“Trevor Milton is innocent,” his lawyers said in a statement. “This is a new low in the government’s efforts to criminalize lawful business conduct. Every executive in America should be horrified.”
Milton was “intensely focused” on the company’s stock price, calling and texting senior executives to “do something” on days when the shares were falling, the SEC complaint says. He also “tracked the daily number of new Robinhood users who held Nikola stock.”
Milton used his social media presence and appearances in interviews to announce new initiatives and changes, before informing the company, the SEC said.
“On June 25, 2020, Milton sent a series of tweets from his personal account in which he claimed that Nikola would offer a drinking fountain in the Badger. This information came as a complete surprise to Nikola’s designers, engineers, and marketing personnel. When informed of the tweets, one engineer questioned whether ‘this [is] a joke,’ a marketing employee wrote that his ‘head is fuzzy,’ and a designer texted, ‘[u]hhhhh what.’”
Nikola executives repeatedly tried to rein in Milton’s social media, the SEC said. At one point the president asked Milton to let the company’s chief legal officer pre-screen his tweets -- an effort akin to what
“Senior Nikola executives attempted other tactics in the spring and summer of 2020 to try to rein in Milton’s social media presence, to no avail.”
They scheduled media training for executives at the company, but Milton did not attend. Instead, Milton’s response was to assert “that these senior executives did not understand current capital market dynamics or what he was trying to accomplish with retail investors, and that he needed to be on social media to put out good news about Nikola to support its stock price.”
At a press conference Thursday,
“There is no end-around or exceptions to this obligation,” Grewal said. “Corporate officers cannot say whatever they want on social media in violation of federal securities laws.”
Personal Sales Pitch
“Milton was personally involved in soliciting reservations from several potential customers,” the SEC said. “He communicated to potential customers that the reservations were cancelable for any reason at any time. For example, on May 9, 2016, as part of his efforts to secure the largest reservation Nikola had received to-date, Milton wrote to a potential customer, ‘[y]ou have full ability to cancel at any time before the options, color and major deposit is made . . . .’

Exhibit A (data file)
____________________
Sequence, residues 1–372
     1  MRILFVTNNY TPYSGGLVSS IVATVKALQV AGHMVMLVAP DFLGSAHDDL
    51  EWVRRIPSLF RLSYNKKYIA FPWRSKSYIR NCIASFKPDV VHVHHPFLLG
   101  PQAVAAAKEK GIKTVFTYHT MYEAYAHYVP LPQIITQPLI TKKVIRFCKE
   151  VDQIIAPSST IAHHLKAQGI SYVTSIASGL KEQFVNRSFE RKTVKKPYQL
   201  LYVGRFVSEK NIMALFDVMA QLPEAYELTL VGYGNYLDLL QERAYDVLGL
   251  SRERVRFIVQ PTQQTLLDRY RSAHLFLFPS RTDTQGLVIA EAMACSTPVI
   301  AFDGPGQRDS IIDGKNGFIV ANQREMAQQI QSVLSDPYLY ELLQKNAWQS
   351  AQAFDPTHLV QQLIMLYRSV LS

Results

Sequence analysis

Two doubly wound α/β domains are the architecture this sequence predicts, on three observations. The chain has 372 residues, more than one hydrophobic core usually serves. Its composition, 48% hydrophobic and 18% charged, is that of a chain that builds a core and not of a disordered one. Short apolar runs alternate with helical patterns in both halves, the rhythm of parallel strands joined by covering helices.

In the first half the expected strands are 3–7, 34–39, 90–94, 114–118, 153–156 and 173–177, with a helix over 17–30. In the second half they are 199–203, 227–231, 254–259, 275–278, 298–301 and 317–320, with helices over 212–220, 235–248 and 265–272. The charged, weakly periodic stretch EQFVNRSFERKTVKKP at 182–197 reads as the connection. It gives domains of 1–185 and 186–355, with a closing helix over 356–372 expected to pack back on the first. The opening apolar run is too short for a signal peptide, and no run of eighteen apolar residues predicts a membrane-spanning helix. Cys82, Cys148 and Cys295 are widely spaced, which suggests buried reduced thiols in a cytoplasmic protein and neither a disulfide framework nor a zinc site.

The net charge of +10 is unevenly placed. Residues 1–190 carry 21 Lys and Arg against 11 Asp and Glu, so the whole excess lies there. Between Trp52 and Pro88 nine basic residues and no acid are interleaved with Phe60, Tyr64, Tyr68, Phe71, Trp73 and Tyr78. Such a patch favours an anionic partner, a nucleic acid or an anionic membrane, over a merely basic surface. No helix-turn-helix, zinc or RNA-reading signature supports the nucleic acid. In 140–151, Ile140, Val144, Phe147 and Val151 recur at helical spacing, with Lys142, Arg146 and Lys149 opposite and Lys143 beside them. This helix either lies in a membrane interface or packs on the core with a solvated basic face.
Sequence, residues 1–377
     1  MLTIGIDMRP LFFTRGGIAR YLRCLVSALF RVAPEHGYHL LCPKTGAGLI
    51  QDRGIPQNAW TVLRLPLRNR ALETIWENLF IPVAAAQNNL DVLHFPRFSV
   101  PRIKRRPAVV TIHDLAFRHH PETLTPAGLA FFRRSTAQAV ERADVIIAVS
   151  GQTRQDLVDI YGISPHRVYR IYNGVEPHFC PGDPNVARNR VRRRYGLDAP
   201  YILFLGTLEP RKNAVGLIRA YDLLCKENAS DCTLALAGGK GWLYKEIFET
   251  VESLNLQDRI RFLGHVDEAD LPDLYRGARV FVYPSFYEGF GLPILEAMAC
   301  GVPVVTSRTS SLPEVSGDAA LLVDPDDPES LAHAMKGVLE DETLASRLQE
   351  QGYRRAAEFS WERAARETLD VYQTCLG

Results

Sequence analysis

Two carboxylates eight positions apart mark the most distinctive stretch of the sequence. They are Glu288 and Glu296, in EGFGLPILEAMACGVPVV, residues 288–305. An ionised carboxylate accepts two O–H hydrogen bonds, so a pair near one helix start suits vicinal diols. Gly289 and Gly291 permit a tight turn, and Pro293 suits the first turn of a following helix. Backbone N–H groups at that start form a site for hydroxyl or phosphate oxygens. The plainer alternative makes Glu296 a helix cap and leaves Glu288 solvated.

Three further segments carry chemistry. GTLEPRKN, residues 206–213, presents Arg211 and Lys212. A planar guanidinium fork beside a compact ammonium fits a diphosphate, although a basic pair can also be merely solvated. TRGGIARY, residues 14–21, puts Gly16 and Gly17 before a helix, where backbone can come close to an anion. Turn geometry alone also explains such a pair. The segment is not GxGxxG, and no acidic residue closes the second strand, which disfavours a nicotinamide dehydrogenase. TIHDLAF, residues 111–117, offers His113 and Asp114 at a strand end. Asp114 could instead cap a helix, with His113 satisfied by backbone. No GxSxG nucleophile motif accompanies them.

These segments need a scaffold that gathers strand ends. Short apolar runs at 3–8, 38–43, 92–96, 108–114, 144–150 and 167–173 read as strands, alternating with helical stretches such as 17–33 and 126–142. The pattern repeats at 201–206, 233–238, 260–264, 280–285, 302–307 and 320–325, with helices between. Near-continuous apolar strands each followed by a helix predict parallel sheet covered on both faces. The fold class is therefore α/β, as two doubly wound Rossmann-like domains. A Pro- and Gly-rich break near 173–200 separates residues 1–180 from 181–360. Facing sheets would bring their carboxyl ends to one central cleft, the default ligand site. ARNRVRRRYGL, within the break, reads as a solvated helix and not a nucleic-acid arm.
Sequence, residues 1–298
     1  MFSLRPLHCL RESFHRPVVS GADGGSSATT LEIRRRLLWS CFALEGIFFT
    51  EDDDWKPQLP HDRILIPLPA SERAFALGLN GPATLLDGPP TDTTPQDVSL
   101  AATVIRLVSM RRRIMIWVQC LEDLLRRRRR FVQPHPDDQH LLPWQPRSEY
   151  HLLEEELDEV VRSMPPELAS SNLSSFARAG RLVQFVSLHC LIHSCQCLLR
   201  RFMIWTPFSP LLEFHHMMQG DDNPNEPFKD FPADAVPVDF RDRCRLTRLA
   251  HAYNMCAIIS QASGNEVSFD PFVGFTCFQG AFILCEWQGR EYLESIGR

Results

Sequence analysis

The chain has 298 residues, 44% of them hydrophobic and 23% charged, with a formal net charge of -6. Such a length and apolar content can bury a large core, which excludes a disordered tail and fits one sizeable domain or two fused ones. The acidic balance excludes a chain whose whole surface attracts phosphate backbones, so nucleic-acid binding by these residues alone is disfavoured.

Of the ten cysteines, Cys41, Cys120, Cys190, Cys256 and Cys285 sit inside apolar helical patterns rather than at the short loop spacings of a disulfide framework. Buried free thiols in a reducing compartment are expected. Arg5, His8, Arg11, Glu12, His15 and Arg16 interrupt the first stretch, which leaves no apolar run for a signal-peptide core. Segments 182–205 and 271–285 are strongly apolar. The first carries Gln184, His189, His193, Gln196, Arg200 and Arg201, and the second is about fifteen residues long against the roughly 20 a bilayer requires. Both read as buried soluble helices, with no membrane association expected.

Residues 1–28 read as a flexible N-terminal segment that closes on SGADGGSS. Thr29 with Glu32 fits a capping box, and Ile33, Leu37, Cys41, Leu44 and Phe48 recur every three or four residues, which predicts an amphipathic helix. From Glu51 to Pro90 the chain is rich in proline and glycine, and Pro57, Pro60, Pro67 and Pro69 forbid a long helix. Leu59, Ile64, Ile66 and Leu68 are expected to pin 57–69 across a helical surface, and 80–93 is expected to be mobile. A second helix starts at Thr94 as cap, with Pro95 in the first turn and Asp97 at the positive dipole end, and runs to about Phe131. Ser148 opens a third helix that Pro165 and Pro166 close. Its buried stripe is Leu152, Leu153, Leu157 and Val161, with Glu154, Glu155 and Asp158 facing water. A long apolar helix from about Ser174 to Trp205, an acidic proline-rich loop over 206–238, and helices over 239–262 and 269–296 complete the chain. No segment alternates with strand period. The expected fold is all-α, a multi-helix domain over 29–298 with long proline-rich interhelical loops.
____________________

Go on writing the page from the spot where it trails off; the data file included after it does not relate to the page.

“Another time, Milton cited the non-binding nature of the reservations in an attempt to convince a potential customer to double the amount of reservations.”
“Milton wrote to this party, ‘[y]ou had asked for 50 trucks that would have been $500 for each deposit. What I did since it is fully refundable at any time, is put you down for 100 at $250. You can cancel at anytime any of those.’”
When Milton touted the Badger pickup as being “built,” “done,” “real,” and a “fully functioning vehicle inside and outside,” Nikola’s Vice President of Technology referred to the Badger in an internal email as “vapor ware” with “no technical plan,” according to the SEC.
According to the SEC, a Nikola engineer said in December 2016 that the truck they were working on was “not even remotely ready to operate.” One of the reasons why: “all electrical components were powered through a cord running from an external power source, rather than the truck’s battery.”
In the criminal complaint, prosecutors said, contrary to Milton’s claims, “Nikola had not successfully reached the milestone of creating a fully functioning prototype at the Nikola One launch event on December 1, 2016. In fact, the Nikola One prototype was not completed, let along tested and validated, by the time of the unveiling event.”
For example, “the prototype was wholly missing significant parts, including gears and motors, and the control system (i.e., the system that communicates the driver’s directions to the vehicle) was incomplete. The infotainment system in the cab was also incomplete. Instead, for the purpose of an unveiling event, tablet computers or other computer screens were mounted into the areas where screens for the infotainment would be, and the screens were set to display images created to have the appearance of infotainment screens, with speedometers, maps, and other information displayed.”
“Further, the truck was towed onto the stage at night prior to the event, and the screens and lights were powered by an external battery and power cord running under the truck to the wall, which had to be manually disconnected as the stage spun.”
“Similarly, an air line had to be connected to the vehicle to keep the truck’s air suspension and air brakes working, because there was a slow leak in the truck’s air supply. Nikola personnel operated the truck’s headlines at the event by remote control.”
(Updates to include Milton’s not-guilty plea.)
--With assistance from
To contact the reporter on this story:
To contact the editors responsible for this story:
© 2021 Bloomberg L.P. All rights reserved. Used with permission.